Rise of SUVs 'makes mockery' of electric car push
Quote
The "immense" rise in sales of high-emission sports utility vehicles means they now outsell electric cars in the UK by 37 to one, research has found.

As a result, overall exhaust emissions from new cars have been increasing, not declining, for the past three years, says the UK Energy Research Centre.

SUV sales are jeopardising the UK transport sector's ability to meet EU emissions targets, it said. Prof Jillian Anable of the UKERC said this made "a mockery" of UK policy. "Effectively, we have been sleepwalking into the issue," she said.

"The decarbonisation of the passenger car market can no longer rely on a distant target to stop the sales of conventional engines. We must start to phase out the most polluting vehicles immediately. It is time to enact a strong set of regulations to transform the entire car market towards ultra-low carbon, rather than focusing solely on the uptake of electric vehicles." ...
https://www.bbc.com/news/business-50713616
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Re: Electric cars
« Reply #1038 on: December 09, 2019, 03:06:23 PM »
Time to slap on some tax, too bad the island is voting over brexit again.
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Re: Electric cars
« Reply #1039 on: December 09, 2019, 06:11:13 PM »
A non-progressive tax will disproportionally hurt the ones who are the least rich. We must stop unfair systems and be equals again.
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Re: Electric cars
« Reply #1040 on: December 09, 2019, 06:13:54 PM »
... ask your local socialist for solutions.
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Re: Electric cars
« Reply #1041 on: December 09, 2019, 10:58:28 PM »
No, ask Jeremy Corbyn, he'll tell you he is going to take from the rich to build his folly of a state system then he will punish everyone.  Those with the least social mobility will get creamed.  All over again.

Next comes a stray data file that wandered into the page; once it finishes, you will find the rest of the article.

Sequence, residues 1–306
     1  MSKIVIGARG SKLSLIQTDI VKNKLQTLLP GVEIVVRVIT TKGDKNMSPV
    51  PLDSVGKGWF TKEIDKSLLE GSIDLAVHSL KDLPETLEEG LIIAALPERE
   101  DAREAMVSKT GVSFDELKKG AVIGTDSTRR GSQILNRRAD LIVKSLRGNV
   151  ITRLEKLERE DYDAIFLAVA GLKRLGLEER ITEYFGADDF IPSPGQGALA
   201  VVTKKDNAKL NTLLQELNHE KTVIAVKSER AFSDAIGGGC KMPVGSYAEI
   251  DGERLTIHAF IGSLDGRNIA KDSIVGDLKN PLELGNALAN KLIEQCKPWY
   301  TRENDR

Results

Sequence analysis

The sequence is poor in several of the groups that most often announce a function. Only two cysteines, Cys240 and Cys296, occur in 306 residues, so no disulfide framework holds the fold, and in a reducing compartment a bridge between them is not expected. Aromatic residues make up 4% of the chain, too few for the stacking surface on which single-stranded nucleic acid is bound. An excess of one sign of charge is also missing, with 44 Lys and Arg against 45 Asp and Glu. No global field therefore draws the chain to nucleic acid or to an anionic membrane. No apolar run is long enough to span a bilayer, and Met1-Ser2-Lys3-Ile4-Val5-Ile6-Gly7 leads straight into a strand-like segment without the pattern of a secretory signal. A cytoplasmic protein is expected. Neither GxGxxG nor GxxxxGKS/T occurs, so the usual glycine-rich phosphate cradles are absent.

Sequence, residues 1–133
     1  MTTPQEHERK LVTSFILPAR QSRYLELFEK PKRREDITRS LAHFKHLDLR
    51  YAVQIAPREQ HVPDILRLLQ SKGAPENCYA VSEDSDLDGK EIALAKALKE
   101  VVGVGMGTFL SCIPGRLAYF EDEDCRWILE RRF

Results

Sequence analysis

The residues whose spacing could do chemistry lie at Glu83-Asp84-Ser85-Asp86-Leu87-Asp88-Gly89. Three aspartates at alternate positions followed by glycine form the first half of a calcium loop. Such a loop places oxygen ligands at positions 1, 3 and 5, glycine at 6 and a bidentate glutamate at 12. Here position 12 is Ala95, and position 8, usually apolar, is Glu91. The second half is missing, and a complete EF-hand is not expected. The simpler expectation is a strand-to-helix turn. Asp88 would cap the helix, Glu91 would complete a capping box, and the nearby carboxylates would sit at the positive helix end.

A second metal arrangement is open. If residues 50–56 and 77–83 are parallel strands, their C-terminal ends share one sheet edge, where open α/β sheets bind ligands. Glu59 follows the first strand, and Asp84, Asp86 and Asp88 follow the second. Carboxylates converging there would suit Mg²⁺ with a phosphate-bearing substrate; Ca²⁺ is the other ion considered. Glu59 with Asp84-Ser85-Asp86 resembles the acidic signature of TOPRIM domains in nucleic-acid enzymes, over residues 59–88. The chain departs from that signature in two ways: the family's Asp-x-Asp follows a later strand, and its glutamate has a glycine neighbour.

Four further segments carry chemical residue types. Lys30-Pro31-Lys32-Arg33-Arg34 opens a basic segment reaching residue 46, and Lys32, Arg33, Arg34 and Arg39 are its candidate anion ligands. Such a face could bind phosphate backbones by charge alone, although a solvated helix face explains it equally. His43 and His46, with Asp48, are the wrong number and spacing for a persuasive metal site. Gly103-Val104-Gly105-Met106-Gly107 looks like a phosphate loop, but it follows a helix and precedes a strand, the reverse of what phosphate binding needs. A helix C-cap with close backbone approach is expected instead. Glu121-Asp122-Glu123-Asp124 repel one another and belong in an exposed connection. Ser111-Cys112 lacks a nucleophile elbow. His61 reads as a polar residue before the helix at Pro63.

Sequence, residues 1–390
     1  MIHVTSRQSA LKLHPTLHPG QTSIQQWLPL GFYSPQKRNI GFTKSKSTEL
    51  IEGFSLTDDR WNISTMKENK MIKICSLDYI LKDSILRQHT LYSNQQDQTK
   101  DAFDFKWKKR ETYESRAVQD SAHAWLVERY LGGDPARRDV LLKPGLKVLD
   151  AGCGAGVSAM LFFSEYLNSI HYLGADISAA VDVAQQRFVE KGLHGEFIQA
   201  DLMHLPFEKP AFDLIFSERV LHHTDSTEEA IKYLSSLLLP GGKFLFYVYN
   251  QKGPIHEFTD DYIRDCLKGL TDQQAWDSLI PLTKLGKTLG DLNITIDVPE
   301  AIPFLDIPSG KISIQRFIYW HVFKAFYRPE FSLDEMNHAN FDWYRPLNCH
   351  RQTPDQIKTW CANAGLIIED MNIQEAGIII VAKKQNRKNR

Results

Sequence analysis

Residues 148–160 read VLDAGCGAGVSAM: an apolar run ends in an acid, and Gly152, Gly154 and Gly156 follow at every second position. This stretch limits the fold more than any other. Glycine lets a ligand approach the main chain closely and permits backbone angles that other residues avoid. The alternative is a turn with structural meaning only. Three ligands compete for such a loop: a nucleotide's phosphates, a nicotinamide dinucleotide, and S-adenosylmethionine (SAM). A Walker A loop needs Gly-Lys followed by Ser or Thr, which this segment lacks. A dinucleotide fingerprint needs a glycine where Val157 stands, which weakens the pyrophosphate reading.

The last time the UK had that sort of government we had 32% income tax as a base, almost everyone paying income tax and loans from the IMF to keep the country they bankrupted afloat.

Odd that I am not in favour of these "beneficial" taxes.

Fines though, on the EU scale currently being seen.. Working.
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Re: Electric cars
« Reply #1042 on: December 10, 2019, 08:14:47 PM »
Germany's BASF €500 Million Cathode Factory In Brandenburg To Boost European Electric Battery Production
Quote
German-based chemical company BASF has reportedly planned to build a cathode factory to the tune of €500 million in the state of Brandenburg, Germany, that will cater to materials for the battery production of electric cars. The existing BASF plant in Schwarzheide, Brandenburg, accommodates 1,973 workers, and the new cathode factory is expected to employ close to 8,000 people once set up.

That said, there has not been a formal announcement from BASF in this regard, but the news was indirectly confirmed by Dietmar Woidke, the prime minister of Brandenburg. This is a huge boost to the electric vehicle plans of Germany, where automakers have relied on conventional vehicle production for the better part of a century.

The BASF plans for the cathode factory come in the wake of Tesla Inc's Elon Musk announcing a Gigafactory at Brandenburg in November. Tesla's first production centre in Europe also would be a huge benefit for Germany, as it suffers from a dip in foreign trade brought about by a stumbling auto industry that is shedding jobs in the thousands.

Meanwhile, the European Commission (EC) approved €3.2 billion in state aid on Dec. 9 that will be injected into the research and development of battery technology, with projects selected across Belgium, Finland, France, Germany, Italy, Poland and Sweden. The EC expects this funding to vitalize the electric vehicle segment and bring in an added €5 billion in investment from private entities.